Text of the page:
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Report: Nursing Home Abuse Concealed by Management

Four nursing home workers have been arrested and the state attorney general in New York is continuing to investigate allegations the facility actively concealed abuse and neglect of vulnerable residents.handcuffs1

In all, there are 45 crimes listed in the indictment among the four workers, including:

  • willful violation of health laws
  • eavesdropping
  • felony tampering with physical evidence
  • conspiracy
  • falsifying business records
  • forgery
  • criminal possession of a forged instrument

A defense attorney for two defendants at the center said most of the allegations are against one individual who was fired two years ago for bad conduct. He denied a cover-up occurred.

However the state attorney general tells a different story. The charges stem from two incidents that occurred in the spring of 2013. One of those, according to news sources, involved a serious medical mistake that no one noticed for a number of days.

The second incident involved an alleged case of sexual assault. There was reportedly sexual contact between a dementia patient and another resident while the pair were left unsupervised in the dining room.

When investigators with the state became aware of these incidents, they responded to the facility to conduct interviews of employees. When they did so, it was allegedly discovered part-owners of the facility eavesdropped on those conversations. It would also come to light defendants allegedly destroyed a number of electronic documents pertaining to those incidents.

This same facility received numerous citations by state investigators in the time surrounding these incidents of nursing home abuse. Between 2011 and 2014, the facility was cited for things like failing to ensure clinical records met professional standards, and failing to make sure residents were free from abuse.

In all, there were 37 deficiencies reported in the home during that time frame. Meanwhile, the state average was reportedly 34. Not a huge difference, but criminal charges indicate this type of action goes on far more frequently than any of us realize.

This is not the first time nursing home management personnel have been accused of such actions. Four years ago, The Sacramento Bee wrote an investigative series on the issue of falsified nursing home records.  Primarily, those instances had to do with the severity of ailments recorded in medical charts. The paper found 150 cases in which records were falsified to mask serious condition and covered up the fact that appropriate care was denied patients.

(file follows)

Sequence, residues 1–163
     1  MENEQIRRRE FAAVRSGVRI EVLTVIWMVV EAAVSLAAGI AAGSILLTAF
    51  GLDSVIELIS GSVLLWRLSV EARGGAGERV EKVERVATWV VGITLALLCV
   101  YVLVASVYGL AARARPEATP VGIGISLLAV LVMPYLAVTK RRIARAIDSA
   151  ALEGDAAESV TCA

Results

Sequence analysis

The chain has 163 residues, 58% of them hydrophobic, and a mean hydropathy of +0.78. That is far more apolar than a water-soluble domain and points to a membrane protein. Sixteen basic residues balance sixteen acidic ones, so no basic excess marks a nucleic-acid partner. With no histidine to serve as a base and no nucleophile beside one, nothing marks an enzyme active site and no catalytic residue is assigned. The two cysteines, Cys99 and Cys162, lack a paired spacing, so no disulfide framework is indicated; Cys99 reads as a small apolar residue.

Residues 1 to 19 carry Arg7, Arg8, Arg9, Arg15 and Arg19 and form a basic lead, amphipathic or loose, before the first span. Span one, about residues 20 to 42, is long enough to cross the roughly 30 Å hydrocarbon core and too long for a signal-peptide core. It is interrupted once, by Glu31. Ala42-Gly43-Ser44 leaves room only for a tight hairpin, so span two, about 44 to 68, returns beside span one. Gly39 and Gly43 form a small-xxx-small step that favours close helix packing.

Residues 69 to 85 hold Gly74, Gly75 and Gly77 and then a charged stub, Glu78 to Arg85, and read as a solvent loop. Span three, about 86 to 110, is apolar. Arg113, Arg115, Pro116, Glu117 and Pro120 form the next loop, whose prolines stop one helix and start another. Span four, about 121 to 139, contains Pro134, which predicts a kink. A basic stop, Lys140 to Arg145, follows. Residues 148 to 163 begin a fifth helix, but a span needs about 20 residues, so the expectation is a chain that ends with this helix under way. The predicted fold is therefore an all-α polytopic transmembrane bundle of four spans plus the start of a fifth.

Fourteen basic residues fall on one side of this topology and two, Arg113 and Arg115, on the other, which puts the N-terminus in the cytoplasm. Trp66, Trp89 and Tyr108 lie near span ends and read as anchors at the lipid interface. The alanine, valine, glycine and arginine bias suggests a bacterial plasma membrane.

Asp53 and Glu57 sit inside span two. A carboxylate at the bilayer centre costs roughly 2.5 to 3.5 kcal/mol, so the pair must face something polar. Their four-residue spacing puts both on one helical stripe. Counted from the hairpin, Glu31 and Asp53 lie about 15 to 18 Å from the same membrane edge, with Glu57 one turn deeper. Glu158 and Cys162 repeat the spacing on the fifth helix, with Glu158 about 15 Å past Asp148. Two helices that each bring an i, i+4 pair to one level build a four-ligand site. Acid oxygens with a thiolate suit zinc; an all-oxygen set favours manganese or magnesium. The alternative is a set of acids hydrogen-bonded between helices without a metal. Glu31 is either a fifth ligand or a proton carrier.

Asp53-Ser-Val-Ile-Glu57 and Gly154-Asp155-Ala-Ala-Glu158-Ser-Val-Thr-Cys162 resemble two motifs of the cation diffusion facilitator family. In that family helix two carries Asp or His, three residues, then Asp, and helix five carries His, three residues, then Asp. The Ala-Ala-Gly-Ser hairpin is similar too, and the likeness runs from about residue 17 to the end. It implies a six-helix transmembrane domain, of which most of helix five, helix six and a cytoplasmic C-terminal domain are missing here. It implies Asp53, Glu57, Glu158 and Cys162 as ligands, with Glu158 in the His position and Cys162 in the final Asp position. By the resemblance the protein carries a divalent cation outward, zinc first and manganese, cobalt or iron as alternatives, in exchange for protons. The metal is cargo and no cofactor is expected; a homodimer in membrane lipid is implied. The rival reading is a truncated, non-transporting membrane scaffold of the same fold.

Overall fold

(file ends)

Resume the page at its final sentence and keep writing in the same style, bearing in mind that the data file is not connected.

In Virginia, management of at least one facility discouraged and ignored reports of sexual abuse against residents. One administrator was accused of failing to investigate or report allegations of sexual assault involving a dozen patients from 2000 to 2008.

And in New York, a nursing home director was convicted of three felonies for directing staffers to rewrite statements to cover up circumstances surrounding the death of a patient who died after essentially starving to death when staffers failed to properly feed her.

Even though nursing homes are required by law to investigate and report allegations of abuse and neglect, many do not. They are more interested in their jobs than the well-being of their patients.

Our nursing home abuse attorneys in Broward County are dedicated to a thorough investigation of our cases, and to holding these centers and employees accountable.

Freeman Injury Law — 1-800-561-7777 for a free appointment to discuss your rights.

Additional Resources:

Local nursing home accused of covering up abuse, May 8, 2015, Micaela Parker, Utica Observer-Dispatch

More Blog Entries:

Nursing Home Chain With Ties to Florida Sued for Neglect by New Mexico AG, May 18, 2015, Broward Nursing Home Abuse Lawyer Blog

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